• The loot you bring in is measured in Wealth, not coin, and there’s a simple system for spending your Wealth to determine your Lifestyle for the adventure.
  • You can sometimes spend Wealth to boost Preparedness tests, but usually you’ll be using it to fuel your Lifestyle. A Squalid Lifestyle is going to create some challenges as others discriminate against you, while living Richer Than the Goddess for the adventure gives you bonus Investigative points you can use to manipulate others.

Chapter 6: Gear, Both Sorcerous and Mundane. Here’s where to look for weapons, armor, and Sorcerous items.

  • Your Hero’s innate abilities are a lot more important than their gear, but it’s always good to know what’s available.
  • Sorcerous items aren’t always kind, but there are grimoires, staves, weapons, runes, protection, and more. They’re heavy on flavor, and every good item should tell (or create) a story.

Chapter 7: Adversaries. You may want someone to stab. Here’s where to start.  

  • Easy-to-read Stat blocks for Adversaries from every faction.
  • 25 sample non-human monstrosities to fight including serpentine monstrosities, winged apes, skeletal giants, and flocks of carnivorous seabirds. You know. The usual.
  • Powerful and interesting Special abilities to customize your adversaries, powered by a special General ability named Malus.

Chapter 8: GM Advice. If you’re running the game, it’s useful to read.

  • You get guidelines for Customizing the rules for your own group and play style. Want no physical combat, or a different setting, or one-on-one play? Can do!
  • Character construction tips are included to help players prevent analysis paralysis.
  • You’ll find tips on running fights, making monsters more effective, creating great mysteries, constructing adventures, and more.

Now we dig into the setting.

Chapter 9: Introduction to Eversink. Everything you need to know about the city at a glance.

  • Why is the city so famous? Why are the buildings all sinking? What’s with all the funerary statues? Is it safe to drink the canal water? What do you mean, the city and the Goddess are one?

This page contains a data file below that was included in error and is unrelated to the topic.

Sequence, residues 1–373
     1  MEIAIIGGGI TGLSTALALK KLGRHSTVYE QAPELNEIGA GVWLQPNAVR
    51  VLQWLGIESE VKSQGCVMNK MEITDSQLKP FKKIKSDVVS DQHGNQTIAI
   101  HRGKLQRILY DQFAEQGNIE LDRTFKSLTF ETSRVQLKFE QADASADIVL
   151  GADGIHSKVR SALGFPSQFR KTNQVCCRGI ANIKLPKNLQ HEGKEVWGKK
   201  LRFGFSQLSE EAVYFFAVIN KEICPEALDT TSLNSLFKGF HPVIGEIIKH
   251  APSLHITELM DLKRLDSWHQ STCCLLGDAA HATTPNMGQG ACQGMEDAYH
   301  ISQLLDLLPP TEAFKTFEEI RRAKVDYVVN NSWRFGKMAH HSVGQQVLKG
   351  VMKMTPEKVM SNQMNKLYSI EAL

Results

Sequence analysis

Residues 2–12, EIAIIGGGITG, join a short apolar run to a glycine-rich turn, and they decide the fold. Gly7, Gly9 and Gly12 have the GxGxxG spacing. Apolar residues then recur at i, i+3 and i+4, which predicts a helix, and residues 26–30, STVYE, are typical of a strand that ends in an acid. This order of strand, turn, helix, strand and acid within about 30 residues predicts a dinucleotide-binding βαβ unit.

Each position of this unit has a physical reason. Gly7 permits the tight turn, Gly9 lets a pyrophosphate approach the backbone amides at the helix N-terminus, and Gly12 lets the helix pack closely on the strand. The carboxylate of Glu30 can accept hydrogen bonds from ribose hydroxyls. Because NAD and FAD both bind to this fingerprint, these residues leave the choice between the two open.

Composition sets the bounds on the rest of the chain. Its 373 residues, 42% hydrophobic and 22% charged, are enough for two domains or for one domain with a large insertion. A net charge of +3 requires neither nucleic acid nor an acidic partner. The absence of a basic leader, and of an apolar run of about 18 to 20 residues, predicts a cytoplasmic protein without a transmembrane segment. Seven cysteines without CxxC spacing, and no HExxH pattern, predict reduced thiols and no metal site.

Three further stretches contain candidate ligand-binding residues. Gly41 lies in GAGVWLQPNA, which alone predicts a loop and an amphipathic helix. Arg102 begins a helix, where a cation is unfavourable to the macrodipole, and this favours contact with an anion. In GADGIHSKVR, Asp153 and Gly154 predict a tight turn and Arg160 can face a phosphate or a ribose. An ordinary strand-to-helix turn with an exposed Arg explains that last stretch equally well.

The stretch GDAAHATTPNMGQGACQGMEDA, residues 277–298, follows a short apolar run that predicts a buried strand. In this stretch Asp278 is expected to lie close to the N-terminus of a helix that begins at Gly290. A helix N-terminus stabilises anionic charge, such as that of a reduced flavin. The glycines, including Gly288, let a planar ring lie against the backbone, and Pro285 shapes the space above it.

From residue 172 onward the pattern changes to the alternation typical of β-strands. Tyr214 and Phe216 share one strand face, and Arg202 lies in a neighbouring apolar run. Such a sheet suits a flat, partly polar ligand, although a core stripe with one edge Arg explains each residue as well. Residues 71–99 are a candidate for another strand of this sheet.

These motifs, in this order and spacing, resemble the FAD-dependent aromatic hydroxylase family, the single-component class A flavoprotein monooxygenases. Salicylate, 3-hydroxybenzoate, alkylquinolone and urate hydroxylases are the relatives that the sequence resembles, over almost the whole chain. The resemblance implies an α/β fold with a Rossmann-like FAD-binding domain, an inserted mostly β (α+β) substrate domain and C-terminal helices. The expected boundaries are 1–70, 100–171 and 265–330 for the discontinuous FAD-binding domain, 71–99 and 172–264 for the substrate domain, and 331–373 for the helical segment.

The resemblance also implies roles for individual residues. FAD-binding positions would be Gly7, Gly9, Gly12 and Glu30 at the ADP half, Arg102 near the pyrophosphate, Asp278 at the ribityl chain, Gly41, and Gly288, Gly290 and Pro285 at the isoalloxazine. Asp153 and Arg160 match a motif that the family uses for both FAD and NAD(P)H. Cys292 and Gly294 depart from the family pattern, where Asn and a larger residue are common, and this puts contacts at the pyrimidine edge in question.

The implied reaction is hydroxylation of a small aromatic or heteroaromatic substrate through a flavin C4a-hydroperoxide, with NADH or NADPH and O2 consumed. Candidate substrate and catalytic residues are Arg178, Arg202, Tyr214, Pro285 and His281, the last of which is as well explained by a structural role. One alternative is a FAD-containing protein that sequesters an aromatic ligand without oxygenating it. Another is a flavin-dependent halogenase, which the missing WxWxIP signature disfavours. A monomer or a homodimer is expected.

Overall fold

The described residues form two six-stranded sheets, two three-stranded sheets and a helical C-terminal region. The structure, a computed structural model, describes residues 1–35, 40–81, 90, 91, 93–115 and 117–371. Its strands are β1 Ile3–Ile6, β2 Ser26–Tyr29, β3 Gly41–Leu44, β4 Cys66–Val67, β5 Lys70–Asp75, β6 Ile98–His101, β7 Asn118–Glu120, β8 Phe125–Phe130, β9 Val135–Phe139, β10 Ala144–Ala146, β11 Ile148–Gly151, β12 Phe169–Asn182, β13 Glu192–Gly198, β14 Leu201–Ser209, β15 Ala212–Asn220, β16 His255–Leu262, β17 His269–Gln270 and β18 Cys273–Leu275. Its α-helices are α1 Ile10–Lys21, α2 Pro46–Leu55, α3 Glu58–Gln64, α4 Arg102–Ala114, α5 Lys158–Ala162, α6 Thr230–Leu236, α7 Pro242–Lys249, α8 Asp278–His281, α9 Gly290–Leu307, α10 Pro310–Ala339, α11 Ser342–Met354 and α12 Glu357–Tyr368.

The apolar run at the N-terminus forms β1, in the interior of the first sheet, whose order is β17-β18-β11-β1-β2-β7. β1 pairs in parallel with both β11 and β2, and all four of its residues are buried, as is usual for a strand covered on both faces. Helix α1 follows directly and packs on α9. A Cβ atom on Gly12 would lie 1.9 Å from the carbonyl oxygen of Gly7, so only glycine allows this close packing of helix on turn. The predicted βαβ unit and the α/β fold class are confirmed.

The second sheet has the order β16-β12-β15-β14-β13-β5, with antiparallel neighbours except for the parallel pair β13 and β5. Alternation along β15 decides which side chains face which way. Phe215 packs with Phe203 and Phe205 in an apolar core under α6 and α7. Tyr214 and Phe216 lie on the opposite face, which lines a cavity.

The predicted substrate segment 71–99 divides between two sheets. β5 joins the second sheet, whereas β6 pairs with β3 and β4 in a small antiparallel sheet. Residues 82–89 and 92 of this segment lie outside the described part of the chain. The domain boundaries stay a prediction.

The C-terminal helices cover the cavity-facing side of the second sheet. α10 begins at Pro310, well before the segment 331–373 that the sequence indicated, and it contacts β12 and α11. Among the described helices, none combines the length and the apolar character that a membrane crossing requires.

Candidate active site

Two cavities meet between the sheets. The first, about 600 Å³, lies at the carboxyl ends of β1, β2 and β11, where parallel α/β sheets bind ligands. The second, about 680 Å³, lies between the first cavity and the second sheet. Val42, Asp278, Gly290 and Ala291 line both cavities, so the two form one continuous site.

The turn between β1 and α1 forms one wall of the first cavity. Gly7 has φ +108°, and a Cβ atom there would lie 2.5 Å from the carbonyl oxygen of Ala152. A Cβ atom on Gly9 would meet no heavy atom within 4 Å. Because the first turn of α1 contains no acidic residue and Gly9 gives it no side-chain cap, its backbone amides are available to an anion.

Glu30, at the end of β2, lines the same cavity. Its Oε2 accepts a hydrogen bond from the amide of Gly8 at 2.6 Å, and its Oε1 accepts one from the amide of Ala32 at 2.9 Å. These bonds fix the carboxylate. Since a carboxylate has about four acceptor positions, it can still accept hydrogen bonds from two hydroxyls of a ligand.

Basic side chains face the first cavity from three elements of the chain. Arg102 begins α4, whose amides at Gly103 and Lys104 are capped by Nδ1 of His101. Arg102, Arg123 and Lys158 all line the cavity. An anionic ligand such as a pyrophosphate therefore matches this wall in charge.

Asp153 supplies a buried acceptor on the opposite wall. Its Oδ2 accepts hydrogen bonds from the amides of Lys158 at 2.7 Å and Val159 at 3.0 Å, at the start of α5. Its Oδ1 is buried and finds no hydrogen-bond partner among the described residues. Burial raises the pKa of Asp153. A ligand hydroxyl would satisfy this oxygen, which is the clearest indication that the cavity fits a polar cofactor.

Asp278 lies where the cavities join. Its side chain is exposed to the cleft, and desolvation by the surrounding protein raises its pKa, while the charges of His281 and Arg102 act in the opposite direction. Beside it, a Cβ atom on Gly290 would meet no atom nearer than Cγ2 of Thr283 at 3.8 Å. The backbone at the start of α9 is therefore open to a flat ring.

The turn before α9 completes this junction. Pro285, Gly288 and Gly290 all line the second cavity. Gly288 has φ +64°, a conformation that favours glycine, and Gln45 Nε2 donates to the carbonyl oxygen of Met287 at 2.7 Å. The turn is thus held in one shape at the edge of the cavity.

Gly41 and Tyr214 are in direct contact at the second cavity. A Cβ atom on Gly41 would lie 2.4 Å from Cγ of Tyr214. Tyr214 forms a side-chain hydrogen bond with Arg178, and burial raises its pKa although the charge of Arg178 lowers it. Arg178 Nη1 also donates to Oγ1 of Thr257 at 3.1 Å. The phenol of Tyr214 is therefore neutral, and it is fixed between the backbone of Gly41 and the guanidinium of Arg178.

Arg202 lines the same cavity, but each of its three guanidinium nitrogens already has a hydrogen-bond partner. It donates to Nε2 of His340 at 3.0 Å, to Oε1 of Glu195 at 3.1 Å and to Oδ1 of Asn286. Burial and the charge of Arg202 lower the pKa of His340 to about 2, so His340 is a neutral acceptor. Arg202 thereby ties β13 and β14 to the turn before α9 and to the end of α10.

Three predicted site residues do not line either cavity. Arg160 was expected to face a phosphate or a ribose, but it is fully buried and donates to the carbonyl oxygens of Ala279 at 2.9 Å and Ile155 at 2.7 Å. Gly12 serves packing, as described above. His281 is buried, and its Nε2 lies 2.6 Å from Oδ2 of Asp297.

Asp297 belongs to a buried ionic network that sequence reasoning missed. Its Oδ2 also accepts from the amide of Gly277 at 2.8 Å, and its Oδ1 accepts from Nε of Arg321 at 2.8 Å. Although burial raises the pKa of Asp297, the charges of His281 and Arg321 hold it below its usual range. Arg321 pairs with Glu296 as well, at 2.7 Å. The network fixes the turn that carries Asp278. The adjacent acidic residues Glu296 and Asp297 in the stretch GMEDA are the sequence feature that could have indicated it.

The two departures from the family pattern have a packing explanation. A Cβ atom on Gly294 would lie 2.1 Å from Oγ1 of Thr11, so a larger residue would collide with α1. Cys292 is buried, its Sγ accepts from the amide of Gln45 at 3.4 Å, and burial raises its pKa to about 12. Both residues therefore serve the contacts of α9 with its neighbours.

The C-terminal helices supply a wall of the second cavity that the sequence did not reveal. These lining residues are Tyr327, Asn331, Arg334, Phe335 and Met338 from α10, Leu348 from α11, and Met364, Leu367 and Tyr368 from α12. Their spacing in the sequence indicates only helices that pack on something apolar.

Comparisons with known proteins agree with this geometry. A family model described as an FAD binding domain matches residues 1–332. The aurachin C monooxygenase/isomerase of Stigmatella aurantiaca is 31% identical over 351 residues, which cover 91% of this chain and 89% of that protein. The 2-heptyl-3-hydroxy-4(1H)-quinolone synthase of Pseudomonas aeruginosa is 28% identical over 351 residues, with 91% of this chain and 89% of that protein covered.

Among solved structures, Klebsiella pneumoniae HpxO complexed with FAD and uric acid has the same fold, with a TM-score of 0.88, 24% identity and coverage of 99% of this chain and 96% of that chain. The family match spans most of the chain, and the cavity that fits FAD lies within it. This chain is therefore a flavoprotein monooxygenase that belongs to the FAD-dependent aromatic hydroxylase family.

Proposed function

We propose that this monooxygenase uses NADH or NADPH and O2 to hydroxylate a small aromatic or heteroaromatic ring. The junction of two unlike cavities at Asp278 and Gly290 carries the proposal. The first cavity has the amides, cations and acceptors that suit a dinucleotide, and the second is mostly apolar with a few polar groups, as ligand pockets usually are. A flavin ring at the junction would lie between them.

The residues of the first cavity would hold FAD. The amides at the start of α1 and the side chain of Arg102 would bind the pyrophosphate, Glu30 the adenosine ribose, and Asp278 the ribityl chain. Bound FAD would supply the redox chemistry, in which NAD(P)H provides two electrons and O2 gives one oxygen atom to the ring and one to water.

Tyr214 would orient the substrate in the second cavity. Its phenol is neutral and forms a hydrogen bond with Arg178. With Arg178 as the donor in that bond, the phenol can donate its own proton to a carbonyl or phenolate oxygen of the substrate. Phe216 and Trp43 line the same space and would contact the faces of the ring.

• Quick summaries of the twelve factions and of daily life in Eversink – the food, the politics, the sports, the customs, and the architecture. If you want to play eelball (hint: you don’t), understand how small gods work, or buy suspicious food from a street vendor, read this first.

Chapter 10: The City of Eversink.

  • We give you guides to 7 major neighborhoods, loaded down with a huge number of plot hooks.
  • Knowledge about Eversink’s government, committees, laws, and punishments (otherwise known as “hey, why is that handless and tongueless man hanging in a crow cage over the harbor, guarded by church inquisitors?”)
  • You’ll learn about History – with an emphasis on encouraging you to make your own.
  • We talk a fair amount about Eversink’s economics and trade. This game is a bit unusual in that if you want to play kingmaker, you can rule kingdoms or topple economies with the same core mechanics you use to seek out adventure. Here’s what you need to know if that’s a thing you find fun.

Chapter 11: The Factions. This is a detailed look at all twelve factions that you can use as allies and enemies to drive (or solve) adventures.

  • Dive into a class struggle with the Ancient Nobility, Mercanti, and Commoners, with hired Mercenaries to provide the muscle.
  • The Church of Denari hunts down the Sorcerous Cabal and non-human Monstrosities, while visiting Outlanders ignore the laws to do what’s right.
  • The Triskadane runs the government from a secret council, the Guild of Architects and Canal-Watchers keeps the city upright, the City Watch keeps it safe, and the Thieves Guilds try to rob it.

Chapter 12: The World. A city like Eversink can’t exist in isolation. Here’s what to know about the world, geography, and rival nations.

  • More than eight other countries for international intrigue, dangerous exploration, or potential armed conflict.
  • We talk about the ruins of the Serpentine Empire atop the Destroyed Plateau, where magic runs wild and ancient demons stalk the wind.

Chapter 13: Corpse Astray is our sample adventure. Want to see how an adventure works? Want a fast and easy way to play (we’ll provide sample characters as well for an even faster start.) Here’s where to go!

  • Designed for just about any campaign set-up or types of Heroes.
  • Relatively fast (3-4 hours), with unusual roleplaying and a very memorable fight.
  • A good introduction to Eversink.